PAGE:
Down the Drain: OffenseDefense Costs Phillies Again

Down the Drain: OffenseDefense Costs Phillies Again

Love him or hate him, Chris Wheeler summed it up best just before tonight's winning run came across the plate in the top of the eleventh: "Nothing's comin' easy."

The Phillies took a three-run lead on a Jimmy Rollins blast in the second inning, then waited through an hour and seven minute rain delay before allowing it to drip away one frame at a time. The offense could not add to their total, Ryan Madson blew his first save of the season, and the club finally fell apart during extras when Placido Polanco failed to make a fairly routine play at third base to extend the game. Cubs steal one, 4-3.

Tonight's loss will be tough to swallow, as the Phils had every opportunity to play the role of finishers against a struggling ball club. Instead, Chicago kept coming back at the home team, and eventually outlasted them.

You Can Plan a Pretty Picnic, But You Can't Predict the Weather
The trouble began when the tarp came off the diamond. Kyle Kendrick, who had pitched well through three innings, was unable to return after the pause. From there, Charlie Manuel embarked on a mission to use every available arm, so by the time the tenth rolled around, the only remaining reliever was David Herndon.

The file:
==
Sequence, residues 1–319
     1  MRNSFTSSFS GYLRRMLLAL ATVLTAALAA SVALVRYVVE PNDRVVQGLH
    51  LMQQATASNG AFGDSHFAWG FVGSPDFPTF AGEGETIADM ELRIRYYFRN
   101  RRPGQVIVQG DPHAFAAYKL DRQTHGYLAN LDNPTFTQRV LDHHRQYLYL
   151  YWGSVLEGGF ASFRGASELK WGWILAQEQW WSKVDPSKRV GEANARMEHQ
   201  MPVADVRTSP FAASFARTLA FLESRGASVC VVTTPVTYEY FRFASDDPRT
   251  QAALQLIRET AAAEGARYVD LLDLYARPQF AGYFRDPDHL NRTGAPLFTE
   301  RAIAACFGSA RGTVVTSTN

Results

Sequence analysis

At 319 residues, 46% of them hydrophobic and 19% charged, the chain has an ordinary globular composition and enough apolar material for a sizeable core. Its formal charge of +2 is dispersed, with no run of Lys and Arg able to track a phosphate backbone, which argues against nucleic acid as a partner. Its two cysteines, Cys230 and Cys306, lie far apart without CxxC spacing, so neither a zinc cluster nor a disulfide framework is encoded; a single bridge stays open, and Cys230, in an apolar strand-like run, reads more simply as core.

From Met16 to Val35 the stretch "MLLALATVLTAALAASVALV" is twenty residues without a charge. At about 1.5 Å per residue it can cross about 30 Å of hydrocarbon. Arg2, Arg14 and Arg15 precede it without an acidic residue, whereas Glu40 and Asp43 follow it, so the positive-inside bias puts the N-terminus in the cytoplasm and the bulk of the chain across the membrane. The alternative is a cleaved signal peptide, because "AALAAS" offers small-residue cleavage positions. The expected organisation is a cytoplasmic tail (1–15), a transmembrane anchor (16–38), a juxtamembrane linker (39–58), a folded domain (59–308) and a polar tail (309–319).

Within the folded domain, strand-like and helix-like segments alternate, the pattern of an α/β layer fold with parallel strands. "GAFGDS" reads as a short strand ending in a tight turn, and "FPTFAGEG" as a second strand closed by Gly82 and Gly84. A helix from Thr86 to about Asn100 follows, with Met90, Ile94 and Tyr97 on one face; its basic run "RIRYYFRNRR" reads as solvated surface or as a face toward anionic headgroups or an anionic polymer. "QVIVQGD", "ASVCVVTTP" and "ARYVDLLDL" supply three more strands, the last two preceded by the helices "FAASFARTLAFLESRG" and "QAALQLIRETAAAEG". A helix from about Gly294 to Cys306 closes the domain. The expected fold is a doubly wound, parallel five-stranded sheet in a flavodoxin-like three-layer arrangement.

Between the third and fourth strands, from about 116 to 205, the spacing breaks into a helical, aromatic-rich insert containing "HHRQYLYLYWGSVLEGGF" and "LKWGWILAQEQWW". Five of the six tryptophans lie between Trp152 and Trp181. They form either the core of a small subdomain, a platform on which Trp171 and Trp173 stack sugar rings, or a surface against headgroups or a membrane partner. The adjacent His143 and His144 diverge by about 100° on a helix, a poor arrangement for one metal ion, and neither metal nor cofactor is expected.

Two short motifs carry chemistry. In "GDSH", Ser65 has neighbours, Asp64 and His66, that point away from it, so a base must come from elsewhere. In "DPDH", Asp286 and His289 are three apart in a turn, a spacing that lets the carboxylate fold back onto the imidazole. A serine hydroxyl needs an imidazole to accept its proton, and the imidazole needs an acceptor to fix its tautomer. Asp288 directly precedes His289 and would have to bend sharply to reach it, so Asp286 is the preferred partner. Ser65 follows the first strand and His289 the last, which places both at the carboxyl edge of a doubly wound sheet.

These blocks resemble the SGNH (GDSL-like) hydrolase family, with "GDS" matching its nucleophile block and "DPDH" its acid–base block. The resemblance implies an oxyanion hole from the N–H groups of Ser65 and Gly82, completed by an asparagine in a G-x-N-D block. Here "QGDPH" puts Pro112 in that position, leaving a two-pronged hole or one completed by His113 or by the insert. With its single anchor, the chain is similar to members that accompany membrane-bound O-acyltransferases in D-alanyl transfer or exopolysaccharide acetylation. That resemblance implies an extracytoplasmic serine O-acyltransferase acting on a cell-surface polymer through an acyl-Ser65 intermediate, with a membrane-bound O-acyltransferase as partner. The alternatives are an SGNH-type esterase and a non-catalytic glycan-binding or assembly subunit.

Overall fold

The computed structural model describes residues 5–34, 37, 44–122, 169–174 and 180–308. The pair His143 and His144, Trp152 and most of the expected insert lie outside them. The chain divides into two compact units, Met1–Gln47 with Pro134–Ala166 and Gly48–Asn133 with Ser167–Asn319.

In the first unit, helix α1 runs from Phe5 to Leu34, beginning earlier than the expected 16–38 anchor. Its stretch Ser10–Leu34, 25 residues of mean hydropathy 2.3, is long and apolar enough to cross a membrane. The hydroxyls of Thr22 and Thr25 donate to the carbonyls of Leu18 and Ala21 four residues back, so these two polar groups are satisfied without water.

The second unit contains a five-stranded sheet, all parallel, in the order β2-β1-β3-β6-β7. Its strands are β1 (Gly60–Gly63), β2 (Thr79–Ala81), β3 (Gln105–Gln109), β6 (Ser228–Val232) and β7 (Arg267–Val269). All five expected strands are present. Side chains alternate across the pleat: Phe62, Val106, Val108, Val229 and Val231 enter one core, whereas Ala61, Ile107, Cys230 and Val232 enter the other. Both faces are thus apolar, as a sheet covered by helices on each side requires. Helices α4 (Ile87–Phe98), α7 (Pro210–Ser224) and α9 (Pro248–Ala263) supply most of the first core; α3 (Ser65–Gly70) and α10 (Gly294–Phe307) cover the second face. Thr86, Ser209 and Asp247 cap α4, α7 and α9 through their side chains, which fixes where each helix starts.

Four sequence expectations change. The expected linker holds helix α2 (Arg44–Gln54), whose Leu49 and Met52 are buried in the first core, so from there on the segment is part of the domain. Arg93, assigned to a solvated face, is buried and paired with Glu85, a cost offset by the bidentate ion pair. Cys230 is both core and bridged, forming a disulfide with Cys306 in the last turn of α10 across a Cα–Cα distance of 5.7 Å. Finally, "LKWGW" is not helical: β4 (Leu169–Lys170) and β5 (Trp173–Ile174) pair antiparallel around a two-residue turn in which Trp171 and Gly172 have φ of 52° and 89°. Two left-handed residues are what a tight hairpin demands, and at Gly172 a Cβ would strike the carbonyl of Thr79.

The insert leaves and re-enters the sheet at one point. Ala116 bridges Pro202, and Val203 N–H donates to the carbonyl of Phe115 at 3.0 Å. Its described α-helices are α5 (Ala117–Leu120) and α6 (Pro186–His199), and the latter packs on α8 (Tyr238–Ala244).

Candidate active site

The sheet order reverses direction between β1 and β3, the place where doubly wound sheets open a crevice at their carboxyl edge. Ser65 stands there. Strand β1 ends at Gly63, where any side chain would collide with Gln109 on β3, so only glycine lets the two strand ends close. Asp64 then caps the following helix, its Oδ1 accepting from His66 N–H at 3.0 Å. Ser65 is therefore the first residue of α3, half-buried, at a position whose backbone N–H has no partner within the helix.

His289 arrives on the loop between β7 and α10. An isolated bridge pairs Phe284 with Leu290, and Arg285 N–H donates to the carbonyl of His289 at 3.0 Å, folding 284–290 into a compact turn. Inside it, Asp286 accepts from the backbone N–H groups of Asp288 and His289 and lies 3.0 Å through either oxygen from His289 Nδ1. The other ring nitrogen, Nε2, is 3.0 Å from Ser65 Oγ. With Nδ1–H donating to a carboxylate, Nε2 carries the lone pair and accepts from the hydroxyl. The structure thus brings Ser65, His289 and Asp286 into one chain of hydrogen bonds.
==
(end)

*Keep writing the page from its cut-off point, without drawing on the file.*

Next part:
Denys Baez went the farthest, giving the team a competent 2.2 innings after the delay. While he seems to have relished the longer appearances in recent weeks, Baez may have tired in the top of the sixth, plunking Darwin Barney with two outs to set up a Starlin Castro RBI single. Barney stole second, and scored when Domonic Brown's throw from right field took a wicked bounce that Dane Sardinha couldn't handle.

Romero, Stutes, and Bastardo combined for a scoreless 1.2, but Jose Contreras saw the lead cut to one on his watch after a pair of doubles by Castro and Carlos Pena in the eighth.

Madson Falters
In the ninth, Madson blew the save, but he nearly cost them the game entirely. After Geovany Soto took the closer deep to left center to knot the score at three, it appeared the very next batter gave the Cubs the lead. Tyler Colvin drove another bomb over the wall in right, but replays showed it may have been aided by a Phillies(?) fan. The umpires went inside for a replay session, and indeed wound up sending Colvin back to second base. Madson worked his way out of the inning after the gift.

Was fan interference the correct call? (take a closer look here) The guy clearly leaned over the fence, but I wasn't sure there was conclusive evidence that ball didn't have the distance. In any event, it gave the Phils a second chance, and the imbecile was escorted from the stadium, so at least that much was win-win.

Another Long Night
The Fightins had a shot to take the game in the tenth, but the depleted bullpen reared its ugly head. Shane Victorino drew a two-out walk, and Raul Ibanez reached on an infield single. That brought Brown to the plate, but with Herndon's spot up next, Cubs manager Mike Quade called for the intentional walk.